Posts Tagged ‘Music’


I had the good fortune to have the ever sunny Brazilian singer/songwriter Jair Oliveira in the studio last September. Oliveira is the son of Jair Rodriguez, one of Brazil’s most beloved musical stars, and famous for his hit “Deixa Isso Pra La” which is arguably the first Brazilian hip hop song.

Oliveira sang a song about soccer, and suggested that I hold it in reserve for the upcoming World Cup in South Africa. Which I did. It’s a damned good song too.

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Now that Spring has sprung, here’s a dose of soulful fiddle music from two masters: David Greely, founding fiddler of Steve Riley and the Mamou Playboys, and Joel Savoy of The Savoy Family Band and the Red Stick Ramblers. The duo was in town for GlobalFEST, at an “offsite event” at the Highline Ballroom. This performance (no interview — it doesn’t need it!) is a happy reminder that there are still places in the USA that treasure their ethnic heritage and play homemade music to enrich life. It’s easy to imagine these two making music on the front porch in the midst of a warm Louisiana Spring day. So relax and bask in the sounds of some sweet strings.

Keep in mind that a lot of this is music for dancing off the work and cares of the day. In Cajun country there are still plenty of places to hear live, authentic music, be it Cajun, Creole or Zydeco. You go there to dance till you are ready to drop, till your endorphins kick in and do what they are supposed to.  For my money, that’s a fun evening.

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This is the last installment on Taiwanese music, and it seems very fitting. On a chilly and rainy day I visited the mountaintop home of the Guqin Society, where after a bit of a steep climb, Yuan Jung-ping was waiting for me with hot tea and sweets. He proceeded to play a calming and lovely song about bidding goodbye at a station. The guqin (pronounced “chin”– I HATE the Pinyin spellings!) is an instrument that may date to 4000 years ago. Playing it is as much about meditation as music. The song is from the 12th century, with Jung-ping’s arrangement, and it is spare but beautiful. Like my first posting of Nanguan music, it rewards the person who really listens to it, bringing them into a still place.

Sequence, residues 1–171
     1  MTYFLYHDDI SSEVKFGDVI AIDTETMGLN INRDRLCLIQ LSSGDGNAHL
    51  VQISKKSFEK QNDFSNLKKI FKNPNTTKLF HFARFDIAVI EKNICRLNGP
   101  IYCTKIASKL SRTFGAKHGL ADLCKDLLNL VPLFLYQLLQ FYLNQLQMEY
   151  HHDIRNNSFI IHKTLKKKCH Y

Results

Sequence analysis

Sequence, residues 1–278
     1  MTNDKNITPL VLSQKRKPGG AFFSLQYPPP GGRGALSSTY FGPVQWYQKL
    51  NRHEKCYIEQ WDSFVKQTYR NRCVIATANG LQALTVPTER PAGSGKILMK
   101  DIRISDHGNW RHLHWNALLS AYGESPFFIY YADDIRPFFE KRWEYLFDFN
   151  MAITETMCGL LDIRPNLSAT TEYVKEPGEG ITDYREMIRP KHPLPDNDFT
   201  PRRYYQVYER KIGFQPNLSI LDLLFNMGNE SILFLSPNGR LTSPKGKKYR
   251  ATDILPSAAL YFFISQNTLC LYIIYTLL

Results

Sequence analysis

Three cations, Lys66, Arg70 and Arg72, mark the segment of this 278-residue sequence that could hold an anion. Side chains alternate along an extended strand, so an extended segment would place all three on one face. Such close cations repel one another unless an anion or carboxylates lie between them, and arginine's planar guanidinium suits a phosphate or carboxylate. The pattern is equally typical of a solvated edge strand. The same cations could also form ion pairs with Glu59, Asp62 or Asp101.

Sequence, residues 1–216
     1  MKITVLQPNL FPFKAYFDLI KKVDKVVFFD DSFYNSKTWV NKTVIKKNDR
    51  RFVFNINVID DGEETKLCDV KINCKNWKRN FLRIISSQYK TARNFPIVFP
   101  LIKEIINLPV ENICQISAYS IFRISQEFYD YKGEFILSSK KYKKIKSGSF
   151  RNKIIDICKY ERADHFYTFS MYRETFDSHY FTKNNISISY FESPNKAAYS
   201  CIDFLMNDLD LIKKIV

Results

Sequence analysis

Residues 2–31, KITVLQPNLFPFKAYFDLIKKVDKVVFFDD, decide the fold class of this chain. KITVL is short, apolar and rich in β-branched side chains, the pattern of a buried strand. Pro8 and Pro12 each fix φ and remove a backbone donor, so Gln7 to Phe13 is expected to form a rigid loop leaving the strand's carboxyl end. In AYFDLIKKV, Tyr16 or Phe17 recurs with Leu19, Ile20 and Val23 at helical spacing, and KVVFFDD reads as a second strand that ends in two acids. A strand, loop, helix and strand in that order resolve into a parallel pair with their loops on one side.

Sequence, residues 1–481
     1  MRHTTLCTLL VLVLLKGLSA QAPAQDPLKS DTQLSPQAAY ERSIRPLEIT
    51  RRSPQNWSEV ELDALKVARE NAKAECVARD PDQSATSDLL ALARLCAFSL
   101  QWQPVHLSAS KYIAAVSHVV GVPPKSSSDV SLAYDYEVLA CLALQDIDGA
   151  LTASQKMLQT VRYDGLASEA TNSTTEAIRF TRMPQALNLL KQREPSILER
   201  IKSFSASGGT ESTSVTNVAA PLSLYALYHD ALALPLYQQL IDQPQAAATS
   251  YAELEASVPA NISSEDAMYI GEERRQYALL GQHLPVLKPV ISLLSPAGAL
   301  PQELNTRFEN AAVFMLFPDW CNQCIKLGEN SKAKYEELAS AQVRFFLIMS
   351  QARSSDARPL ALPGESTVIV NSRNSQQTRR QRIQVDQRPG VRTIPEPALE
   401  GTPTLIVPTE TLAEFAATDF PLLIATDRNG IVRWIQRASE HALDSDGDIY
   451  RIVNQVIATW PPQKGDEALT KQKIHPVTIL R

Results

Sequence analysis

The music was punctuated with the now light, now heavy sound of rain falling on the roof. Farewell, Taiwan.
Farewell to the hospitality, cold rainy season, warm people, amazing food and wonderful music.

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Here’s where you’ll find my weekly original world music video blogs that appear on Huffington Post, as well as an archive starting in April of 2009.

This is also the place where you will find video that is exclusive to my site. I’ve traveled to places like Uzbekistan, Morocco, and Taiwan and no matter where I go I have found amazingly talented and creative people working in every genre from the deepest traditions to the cutting edge.

It’s been incredibly rewarding to interview them and to capture some of what they do on video. Enjoy what you see and hear, and let me know what you think. I welcome your feedback.